I hope this message finds you all safe and well. I don’t know about you but driving into work this week, it seemed lighter, little by little the sun is rising earlier and the days are starting to stretch out a bit. The shortest day of the year was on 21st December when the sun rose at 8.04am and set at 3.54pm, on writing this message the sun now rises at 7.56am and sets at 4.37pm, so gradually, inexorably, the days are getting brighter and lighter.
Also, it has been quite mild this week (and wet!), so much so that some people have used the term ‘a false spring’ to describe the weather, which can occur in late winter sometimes, when temperatures are warm enough to deceive nature, causing plants and animals to awaken early from dormancy. My children and I noticed a song thrush singing heartily one quiet evening in our garden this week, which was a thrilling sight but as he puffed out his chest and sang his plethora of tunes, I wondered if he was getting slightly ahead of himself.
I guess in some ways, it is a bit like that for all of us at the moment. We want the Spring to arrive and for this lockdown to come to an end, so that we can bask in the sunshine and hopefully see nearest and dearest friends and family once again.
Here is another saying:
‘Hope springs eternal.’
Before Christmas we asked the children to give their own definitions of ‘Hope’ and here are examples of some of their wonderful responses.
‘Hope might be rainbow coloured - we liked this because of rain and sun.’
‘If Hope were a shape, it would be a heart.’
‘If Hope were a shape it would be a circle because it goes on forever.’
‘Hope has a calming voice that tells you that you CAN do it. Hope is a cylinder because it is the closest to a candle and the flames represent Hope.’
‘Hope would be silent so you can focus on what you are hoping for; if it were a colour, it would be rose and purple because they are courageous colours.’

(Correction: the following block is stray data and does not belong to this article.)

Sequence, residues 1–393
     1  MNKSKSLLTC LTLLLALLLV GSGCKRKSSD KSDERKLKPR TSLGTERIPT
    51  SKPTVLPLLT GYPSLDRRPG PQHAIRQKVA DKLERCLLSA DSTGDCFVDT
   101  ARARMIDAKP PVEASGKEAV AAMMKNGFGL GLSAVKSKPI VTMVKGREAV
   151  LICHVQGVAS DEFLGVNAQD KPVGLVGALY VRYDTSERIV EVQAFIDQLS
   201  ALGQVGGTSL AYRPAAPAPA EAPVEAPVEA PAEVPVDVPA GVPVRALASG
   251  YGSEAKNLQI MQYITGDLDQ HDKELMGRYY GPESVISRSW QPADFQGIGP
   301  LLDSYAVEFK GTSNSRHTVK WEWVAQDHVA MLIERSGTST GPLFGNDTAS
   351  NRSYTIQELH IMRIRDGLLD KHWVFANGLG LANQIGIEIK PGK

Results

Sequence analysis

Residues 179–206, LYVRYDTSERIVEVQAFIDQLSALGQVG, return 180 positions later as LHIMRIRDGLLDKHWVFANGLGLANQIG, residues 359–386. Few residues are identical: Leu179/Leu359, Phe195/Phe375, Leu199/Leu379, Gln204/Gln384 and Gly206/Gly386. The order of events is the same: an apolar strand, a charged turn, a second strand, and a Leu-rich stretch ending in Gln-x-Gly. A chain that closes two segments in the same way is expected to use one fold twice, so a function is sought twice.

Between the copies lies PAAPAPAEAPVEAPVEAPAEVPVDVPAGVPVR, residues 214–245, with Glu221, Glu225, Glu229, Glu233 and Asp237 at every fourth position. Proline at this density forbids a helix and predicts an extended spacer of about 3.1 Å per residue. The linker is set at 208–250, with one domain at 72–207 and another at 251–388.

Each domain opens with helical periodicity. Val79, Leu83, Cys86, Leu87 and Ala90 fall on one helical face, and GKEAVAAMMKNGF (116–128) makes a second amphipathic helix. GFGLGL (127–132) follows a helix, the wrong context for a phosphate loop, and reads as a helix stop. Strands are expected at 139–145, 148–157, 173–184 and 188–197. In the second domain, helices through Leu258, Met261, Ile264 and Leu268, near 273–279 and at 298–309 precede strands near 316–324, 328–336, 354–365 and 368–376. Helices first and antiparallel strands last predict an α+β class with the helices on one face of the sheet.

‘Hope would be a light blue colour like the light at the end of the tunnel.’
Your children are so perceptive and insightful. Through a child’s lens, the world always seems a brighter place. Their eternal optimism and lust for life keeps the rest of us upbeat and the staff here at Pilgrims’ Cross are both humbled and thankful for the daily opportunity to live and work with your children.
In The Bible, the story of Noah from The Old Testament talks about him releasing a dove from the Ark (for the waters covered the face of the earth) to see if there was any hope of discovering land.
The first time the dove returned to the ark with nothing, Noah took the bird gently into his hands and pulled her into the safety of the ark.
A week later he released the female dove again.
That evening the dove returned and in her beak was an olive branch and Noah knew the waters were receding and land was reappearing. Ever since that story the dove has been considered a symbol of Hope.
Here is your loving learning challenge this week children:
Create your own symbols of Hope.
Present these in any way you wish…with colour, with paint, with paper, with song, with music, with dance, with hands, with words, with your own thoughts and ideas.
I would love to see some of your creations and will happily display them in the school corridor outside my office.